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Pine mycorrhizal communities in pure and mixed pine-oak forests: Abiotic environment trumps neighboring oak host effects
- Suz, L.M., Kallow, S., Reed, K., Bidartondo, M.I., Barsoum, N.
- Forest ecology and management 2017 v.406 pp. 370-380
- Pinus sylvestris, Quercus robur, biodiversity, biogeochemical cycles, carbon, ectomycorrhizae, edaphic factors, forest ecosystems, forests, host preferences, hosts, indigenous species, mycorrhizal fungi, nutrient uptake, pH, photosynthesis, plantations, roots, seedlings, soil, trees, England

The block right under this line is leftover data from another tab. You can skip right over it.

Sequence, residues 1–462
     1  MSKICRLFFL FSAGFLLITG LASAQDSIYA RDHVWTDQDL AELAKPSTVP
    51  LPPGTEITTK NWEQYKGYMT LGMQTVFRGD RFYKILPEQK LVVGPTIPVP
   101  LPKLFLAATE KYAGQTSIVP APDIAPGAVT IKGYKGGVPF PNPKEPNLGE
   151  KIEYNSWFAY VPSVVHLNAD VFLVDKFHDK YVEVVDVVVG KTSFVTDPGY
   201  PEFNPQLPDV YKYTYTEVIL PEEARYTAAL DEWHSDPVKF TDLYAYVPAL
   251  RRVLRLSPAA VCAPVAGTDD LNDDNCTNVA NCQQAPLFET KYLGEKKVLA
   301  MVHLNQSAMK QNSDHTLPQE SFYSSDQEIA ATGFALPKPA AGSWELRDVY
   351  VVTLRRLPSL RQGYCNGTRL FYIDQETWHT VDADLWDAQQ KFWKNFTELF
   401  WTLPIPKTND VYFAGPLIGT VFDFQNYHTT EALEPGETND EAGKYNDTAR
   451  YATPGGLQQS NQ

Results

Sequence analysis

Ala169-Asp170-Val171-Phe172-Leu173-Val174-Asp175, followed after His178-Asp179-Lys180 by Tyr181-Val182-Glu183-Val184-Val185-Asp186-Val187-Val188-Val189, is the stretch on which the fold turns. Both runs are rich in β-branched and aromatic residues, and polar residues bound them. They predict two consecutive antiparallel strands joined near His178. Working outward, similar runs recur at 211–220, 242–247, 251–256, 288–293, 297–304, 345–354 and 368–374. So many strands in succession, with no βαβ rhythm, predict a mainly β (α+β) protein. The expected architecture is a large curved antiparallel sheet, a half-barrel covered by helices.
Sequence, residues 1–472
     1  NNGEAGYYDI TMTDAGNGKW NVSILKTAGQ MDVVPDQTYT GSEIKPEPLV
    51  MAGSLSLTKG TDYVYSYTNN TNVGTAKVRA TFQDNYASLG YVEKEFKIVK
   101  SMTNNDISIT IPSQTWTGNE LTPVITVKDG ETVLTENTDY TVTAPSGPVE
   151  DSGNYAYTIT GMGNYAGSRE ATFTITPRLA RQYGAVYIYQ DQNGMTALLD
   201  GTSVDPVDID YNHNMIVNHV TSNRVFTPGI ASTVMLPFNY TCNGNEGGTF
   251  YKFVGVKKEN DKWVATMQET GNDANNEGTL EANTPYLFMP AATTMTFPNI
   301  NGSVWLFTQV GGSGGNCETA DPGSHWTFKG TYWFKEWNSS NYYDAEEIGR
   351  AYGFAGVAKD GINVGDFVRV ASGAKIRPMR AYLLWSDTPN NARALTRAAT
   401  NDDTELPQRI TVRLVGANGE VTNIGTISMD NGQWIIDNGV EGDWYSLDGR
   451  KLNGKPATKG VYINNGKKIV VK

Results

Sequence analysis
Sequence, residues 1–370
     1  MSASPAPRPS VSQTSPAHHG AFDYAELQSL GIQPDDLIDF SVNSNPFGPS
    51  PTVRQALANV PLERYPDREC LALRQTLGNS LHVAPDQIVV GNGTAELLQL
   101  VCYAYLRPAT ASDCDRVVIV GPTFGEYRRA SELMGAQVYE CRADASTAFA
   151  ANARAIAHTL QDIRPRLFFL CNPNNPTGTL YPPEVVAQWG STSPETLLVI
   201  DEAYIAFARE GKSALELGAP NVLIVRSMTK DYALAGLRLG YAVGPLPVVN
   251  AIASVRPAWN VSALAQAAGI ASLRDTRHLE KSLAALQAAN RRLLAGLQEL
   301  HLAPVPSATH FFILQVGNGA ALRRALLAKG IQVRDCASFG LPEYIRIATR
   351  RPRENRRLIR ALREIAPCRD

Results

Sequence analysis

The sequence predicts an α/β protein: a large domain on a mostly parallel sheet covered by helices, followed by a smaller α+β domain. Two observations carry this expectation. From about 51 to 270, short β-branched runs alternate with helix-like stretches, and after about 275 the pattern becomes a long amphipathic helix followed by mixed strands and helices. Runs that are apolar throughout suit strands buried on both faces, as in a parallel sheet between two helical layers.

- Scots pine (Pinus sylvestris) is frequently planted as a monoculture, but it is also grown in mixed plantations with other native trees such as pedunculate oak (Quercus robur). Both pine and oak form ectomycorrhizas that cover their roots and extend into the soil, facilitating tree water and nutrient uptake in exchange for photosynthetic carbon. Forming the interface between the soil and tree roots, mycorrhizal fungi are key drivers of biogeochemical cycling in terrestrial ecosystems and play an important role in the successful establishment of tree seedlings. They can, however, be susceptible to changes in the soil environment and in their hosts. Both environment and neighboring hosts affect how fungi colonize roots and may affect their host preference. Despite the importance of mycorrhizal fungi in forest ecosystems, little is known about the biodiversity and functional effects of mycorrhizal communities in mixed compared with monoculture plantations. Changes in mycorrhizal richness and composition can result in changes in functional groups with consequences for forest ecosystem stability and functioning. We compared pine mycorrhizas in eight mixed plantations of pine and oak and eight pine monocultures in two forests in England, and we investigated the main factors driving their taxonomic and functional composition. Geographical location and litter pH explained over 50% of the variation in pine mycorrhizal communities. Different environmental factors affected taxonomic and functional composition across stands, indicating functional redundancy. Pine tended to associate with more fungi in the presence of oak, but the abiotic environment exerted a stronger influence than oak presence on pine mycorrhizal diversity.